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Plagiarism and Academic Misconduct


Everyone involved in scholarly work, whether senior or junior members of an academic institution, are members of an institutional community which aims to uphold intellectual honesty and transparency. This means that due respect should be given to the originators of ideas, data and works being consulted. An absence of such demonstrable respect through a lack of referencing or poor scholarship, falsifying data, contracting work from someone else, or other misconduct means that you have failed to complete the learning process; it is unethical and can have lasting negative consequences for future careers.  Plagiarism, while only one form of academic misconduct, is particularly key because academic work necessarily builds on what has come before; learning to appropriately use and cite others' work is a key skill any scholar should learn.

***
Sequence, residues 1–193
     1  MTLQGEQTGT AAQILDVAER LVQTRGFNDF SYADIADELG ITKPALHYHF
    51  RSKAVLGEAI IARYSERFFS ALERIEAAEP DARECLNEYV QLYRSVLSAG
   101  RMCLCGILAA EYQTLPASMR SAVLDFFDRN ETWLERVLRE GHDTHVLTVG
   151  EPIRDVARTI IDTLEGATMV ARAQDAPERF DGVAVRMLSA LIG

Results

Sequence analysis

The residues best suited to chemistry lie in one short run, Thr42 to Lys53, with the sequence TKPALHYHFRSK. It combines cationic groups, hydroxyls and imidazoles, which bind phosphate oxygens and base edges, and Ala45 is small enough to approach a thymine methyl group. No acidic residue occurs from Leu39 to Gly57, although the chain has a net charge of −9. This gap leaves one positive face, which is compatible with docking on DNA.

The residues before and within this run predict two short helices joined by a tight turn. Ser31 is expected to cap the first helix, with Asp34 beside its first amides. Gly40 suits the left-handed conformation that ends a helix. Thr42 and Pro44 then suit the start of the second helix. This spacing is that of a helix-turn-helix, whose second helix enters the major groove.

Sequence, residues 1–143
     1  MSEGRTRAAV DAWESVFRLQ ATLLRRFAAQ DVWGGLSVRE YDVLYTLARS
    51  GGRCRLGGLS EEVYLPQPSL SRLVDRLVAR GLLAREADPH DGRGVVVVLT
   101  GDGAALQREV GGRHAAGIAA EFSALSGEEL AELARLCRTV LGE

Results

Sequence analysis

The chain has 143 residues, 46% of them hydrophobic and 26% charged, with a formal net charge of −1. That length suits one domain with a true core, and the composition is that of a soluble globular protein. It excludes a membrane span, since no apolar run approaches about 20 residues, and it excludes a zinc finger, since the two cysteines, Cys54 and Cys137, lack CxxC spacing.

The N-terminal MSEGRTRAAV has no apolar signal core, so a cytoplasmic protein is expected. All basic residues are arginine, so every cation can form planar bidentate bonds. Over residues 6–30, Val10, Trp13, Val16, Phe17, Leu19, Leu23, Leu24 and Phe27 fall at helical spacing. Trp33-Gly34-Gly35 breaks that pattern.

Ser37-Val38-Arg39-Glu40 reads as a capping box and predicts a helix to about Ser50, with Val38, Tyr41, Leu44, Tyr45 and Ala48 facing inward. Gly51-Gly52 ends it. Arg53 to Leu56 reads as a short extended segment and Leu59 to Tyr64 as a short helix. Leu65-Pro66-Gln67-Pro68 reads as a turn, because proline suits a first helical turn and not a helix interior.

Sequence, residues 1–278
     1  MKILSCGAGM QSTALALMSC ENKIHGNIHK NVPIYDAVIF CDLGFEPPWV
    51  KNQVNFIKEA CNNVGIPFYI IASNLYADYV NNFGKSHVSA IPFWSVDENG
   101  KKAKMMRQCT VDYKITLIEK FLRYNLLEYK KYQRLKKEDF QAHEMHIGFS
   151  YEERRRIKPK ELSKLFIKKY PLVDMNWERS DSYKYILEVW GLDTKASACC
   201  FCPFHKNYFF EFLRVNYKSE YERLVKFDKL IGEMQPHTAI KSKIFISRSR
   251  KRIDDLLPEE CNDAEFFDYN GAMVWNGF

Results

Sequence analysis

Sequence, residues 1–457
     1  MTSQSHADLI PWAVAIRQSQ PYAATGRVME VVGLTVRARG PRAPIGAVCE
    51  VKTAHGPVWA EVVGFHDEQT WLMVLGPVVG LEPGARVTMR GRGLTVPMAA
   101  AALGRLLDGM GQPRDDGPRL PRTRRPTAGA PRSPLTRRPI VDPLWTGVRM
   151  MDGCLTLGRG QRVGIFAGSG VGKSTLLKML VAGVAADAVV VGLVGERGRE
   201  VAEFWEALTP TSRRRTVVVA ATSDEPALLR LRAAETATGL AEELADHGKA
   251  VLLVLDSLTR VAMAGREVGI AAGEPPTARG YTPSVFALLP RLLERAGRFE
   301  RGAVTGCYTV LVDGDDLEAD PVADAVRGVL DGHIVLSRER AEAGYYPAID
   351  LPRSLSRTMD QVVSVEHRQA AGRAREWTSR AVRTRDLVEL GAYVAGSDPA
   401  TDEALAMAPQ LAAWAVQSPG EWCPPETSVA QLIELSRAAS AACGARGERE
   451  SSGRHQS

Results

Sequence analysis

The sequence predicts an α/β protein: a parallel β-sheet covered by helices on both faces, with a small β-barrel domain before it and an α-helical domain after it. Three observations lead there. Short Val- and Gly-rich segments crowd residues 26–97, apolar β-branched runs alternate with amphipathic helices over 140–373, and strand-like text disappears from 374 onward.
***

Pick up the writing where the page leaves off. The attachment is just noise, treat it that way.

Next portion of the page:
So academic integrity matters because you would be letting yourself down, you would spoil your reputation as a scholar, and it undermines the fundamental tenets of scholarly discourse.  In addition, disciplinary procedures may follow, and there might be lasting consequences which could limit your job prospects.